And that eel you had? I can get it at the supermarket frozen for $5 as well. All you have to do is heat it up and it's the WHOLE eel, not part of it. (and trust me, I'm not going to say where I live, but my city is much more expensive to live in) Oh, those viet. summer rolls are great for warm weather because their so light! Use the dark brown sauce in the big squirt bottle, its great. The frozen eel at the asian market cost$9. Granted, it was more eel, but you didnt get all the little side dishes and rice. So, all in all, I think its still a bargain.

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~christina~
Gold Member
Oh, those viet. summer rolls are great for warm weather because their so light! Use the dark brown sauce in the big squirt bottle, its great.
They sure are good.
I like the peanut sauce, but I mostly use the fish sauce I mentioned.

Oh, there are no rolls in the picture you see.

~christina~
Gold Member
Oh, there are no rolls in the picture you see.
what?
plural of roll is rolls I think...

The Vietnamese salad rolls (what you're calling summer rolls) are excellent! And peanut sauce is the only way to go with them.

You've got me curious, christina, because I think that 10.00 for the meal Cyrus purchased is a good price. And 5.00 for the pork meal you linked is an astounding bargain. Restaurant food just isn't that inexpensive, here.

Edited to add: I love real photos of food. Don't know why, just do.

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Moonbear
Staff Emeritus
Gold Member
Did $10 include the soup as well as what was on that foam tray? If so, that seems like a reasonable price to me too, and I live in a place where food typically is quite cheap compared to cities. Just regular Chinese take-out here will cost about$7 for a combination platter of a main dish, fried rice and egg roll, and it would be extra for a soup or any other sides, and what Cyrus got looks like a comparable amount of food.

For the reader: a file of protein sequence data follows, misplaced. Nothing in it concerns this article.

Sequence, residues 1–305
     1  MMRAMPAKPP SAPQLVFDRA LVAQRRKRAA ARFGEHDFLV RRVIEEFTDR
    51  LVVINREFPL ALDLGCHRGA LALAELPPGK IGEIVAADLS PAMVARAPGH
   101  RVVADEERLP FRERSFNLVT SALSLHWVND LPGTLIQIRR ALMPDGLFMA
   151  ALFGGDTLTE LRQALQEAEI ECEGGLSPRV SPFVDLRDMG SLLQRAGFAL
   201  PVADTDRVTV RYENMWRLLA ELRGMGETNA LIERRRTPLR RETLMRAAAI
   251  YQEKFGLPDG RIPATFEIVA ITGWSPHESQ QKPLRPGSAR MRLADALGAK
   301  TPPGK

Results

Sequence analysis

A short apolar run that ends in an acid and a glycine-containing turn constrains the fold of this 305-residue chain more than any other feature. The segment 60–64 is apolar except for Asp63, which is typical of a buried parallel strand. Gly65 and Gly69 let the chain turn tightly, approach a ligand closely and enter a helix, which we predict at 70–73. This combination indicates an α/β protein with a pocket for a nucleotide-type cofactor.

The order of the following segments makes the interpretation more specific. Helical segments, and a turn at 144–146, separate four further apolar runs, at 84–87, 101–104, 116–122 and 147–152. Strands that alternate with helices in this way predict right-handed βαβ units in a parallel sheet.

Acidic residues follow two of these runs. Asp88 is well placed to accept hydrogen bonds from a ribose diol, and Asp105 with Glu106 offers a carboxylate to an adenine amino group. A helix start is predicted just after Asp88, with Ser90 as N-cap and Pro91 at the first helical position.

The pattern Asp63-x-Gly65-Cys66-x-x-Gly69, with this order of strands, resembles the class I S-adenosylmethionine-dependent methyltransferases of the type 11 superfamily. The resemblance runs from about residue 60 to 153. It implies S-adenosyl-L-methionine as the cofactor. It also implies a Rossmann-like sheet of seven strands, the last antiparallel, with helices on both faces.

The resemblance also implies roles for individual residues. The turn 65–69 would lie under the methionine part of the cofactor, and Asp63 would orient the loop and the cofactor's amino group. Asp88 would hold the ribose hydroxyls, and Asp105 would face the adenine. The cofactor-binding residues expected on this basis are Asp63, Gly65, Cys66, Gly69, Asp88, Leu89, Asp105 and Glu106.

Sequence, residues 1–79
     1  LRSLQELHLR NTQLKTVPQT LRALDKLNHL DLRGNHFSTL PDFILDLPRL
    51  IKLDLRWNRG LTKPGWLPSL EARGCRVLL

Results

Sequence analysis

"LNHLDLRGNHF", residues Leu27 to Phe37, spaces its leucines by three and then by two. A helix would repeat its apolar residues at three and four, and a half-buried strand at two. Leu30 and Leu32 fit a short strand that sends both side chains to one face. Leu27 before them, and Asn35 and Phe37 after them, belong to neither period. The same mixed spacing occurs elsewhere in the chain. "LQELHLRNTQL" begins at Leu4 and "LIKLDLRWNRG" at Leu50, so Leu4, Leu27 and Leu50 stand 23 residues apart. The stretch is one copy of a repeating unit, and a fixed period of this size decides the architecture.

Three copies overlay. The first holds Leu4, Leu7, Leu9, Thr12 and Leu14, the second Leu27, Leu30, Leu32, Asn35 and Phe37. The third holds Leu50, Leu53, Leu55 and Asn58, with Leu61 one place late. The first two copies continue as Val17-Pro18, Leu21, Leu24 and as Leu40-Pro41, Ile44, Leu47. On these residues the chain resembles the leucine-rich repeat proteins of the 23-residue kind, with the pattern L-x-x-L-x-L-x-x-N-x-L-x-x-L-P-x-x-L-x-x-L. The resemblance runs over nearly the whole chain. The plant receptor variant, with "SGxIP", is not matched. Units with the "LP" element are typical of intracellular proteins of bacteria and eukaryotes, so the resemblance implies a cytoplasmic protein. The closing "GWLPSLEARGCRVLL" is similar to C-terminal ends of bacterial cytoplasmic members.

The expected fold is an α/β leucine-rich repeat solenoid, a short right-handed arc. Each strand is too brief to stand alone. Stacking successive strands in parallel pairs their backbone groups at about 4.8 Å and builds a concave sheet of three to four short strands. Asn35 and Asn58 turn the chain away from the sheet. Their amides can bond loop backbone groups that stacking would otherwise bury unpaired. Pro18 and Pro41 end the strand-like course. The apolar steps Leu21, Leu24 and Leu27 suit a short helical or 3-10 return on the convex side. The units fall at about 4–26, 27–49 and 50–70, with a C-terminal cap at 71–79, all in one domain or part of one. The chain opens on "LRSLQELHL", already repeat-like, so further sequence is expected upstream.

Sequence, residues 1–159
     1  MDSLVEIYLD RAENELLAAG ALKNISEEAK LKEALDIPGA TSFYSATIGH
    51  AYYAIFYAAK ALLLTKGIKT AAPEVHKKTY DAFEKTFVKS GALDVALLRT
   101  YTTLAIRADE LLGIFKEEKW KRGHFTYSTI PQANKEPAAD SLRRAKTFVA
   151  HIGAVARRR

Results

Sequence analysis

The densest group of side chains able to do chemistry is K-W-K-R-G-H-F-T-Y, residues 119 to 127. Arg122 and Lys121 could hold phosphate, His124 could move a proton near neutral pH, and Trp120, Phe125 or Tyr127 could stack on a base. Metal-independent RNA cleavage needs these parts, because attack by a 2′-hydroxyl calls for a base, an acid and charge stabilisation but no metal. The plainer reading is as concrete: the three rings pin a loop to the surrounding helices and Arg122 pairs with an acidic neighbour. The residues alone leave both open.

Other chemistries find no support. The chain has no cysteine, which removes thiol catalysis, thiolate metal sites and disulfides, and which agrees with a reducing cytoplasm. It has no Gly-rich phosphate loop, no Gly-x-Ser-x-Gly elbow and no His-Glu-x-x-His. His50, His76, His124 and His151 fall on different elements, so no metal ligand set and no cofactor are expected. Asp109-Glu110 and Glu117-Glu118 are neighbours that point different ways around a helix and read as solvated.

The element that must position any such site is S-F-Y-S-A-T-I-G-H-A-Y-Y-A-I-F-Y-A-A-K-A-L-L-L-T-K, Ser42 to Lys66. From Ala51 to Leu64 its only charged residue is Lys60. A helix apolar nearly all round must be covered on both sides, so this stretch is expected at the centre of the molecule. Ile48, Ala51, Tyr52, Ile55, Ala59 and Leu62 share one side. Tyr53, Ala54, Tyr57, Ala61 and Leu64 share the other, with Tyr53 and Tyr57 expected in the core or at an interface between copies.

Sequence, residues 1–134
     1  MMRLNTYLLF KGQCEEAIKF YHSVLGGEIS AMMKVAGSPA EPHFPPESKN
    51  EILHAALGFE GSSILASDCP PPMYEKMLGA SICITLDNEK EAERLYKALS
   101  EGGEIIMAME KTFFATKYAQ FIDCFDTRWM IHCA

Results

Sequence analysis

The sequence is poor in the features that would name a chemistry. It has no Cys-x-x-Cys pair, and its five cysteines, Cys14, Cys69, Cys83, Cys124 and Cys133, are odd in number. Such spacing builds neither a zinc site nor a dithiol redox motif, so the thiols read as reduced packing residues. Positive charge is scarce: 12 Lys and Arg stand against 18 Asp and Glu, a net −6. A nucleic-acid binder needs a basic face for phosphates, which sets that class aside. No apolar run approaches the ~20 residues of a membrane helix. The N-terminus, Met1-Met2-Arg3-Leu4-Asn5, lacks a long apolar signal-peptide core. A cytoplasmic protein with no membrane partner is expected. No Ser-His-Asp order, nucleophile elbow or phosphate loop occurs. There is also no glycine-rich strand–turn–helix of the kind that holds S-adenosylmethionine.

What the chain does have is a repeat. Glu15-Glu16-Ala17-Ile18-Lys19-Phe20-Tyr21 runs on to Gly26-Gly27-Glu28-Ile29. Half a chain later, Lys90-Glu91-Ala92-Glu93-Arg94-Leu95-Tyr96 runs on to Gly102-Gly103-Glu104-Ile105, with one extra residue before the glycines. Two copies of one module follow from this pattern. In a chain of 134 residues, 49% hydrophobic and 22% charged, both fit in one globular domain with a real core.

Christina, it sounds more like you just might have a bargain of a place nearby.

Did $10 include the soup as well as what was on that foam tray? If so, that seems like a reasonable price to me too, and I live in a place where food typically is quite cheap compared to cities. Just regular Chinese take-out here will cost about$7 for a combination platter of a main dish, fried rice and egg roll, and it would be extra for a soup or any other sides, and what Cyrus got looks like a comparable amount of food.

Christina, it sounds more like you just might have a bargain of a place nearby.
The whole lot was \$10! And you dont even ask for the sides, all the dishes on the menu have different sides depending on what goes well with it, I guess!

So there all like a surprise! (Hmmm, I wonder what sides will come with this!)

what?
plural of roll is rolls I think...
Huh, there isnt anything rolled in the picture, whatsoever.

The Vietnamese salad rolls (what you're calling summer rolls) are excellent! And peanut sauce is the only way to go with them.

You've got me curious, christina, because I think that 10.00 for the meal Cyrus purchased is a good price. And 5.00 for the pork meal you linked is an astounding bargain. Restaurant food just isn't that inexpensive, here.

Edited to add: I love real photos of food. Don't know why, just do.
Oh, oh oh. Yes yes yes. You're right. Its a lighter slightly sweeter sauce. More of a golden brown!

The dark brown one is for the pho.

No rolls in your picture, Cyrus. Christina linked a picture of summer rolls.

No rolls in your picture, Cyrus. Christina linked a picture of summer rolls.
I thought she mistook the white block of (tofu I think) in my picture for a roll, because she said it was small compared to the ones she gets.

Also, its hard to tell, but all the stuff on the big bed of tin-foil is sitting on a big thing of rice.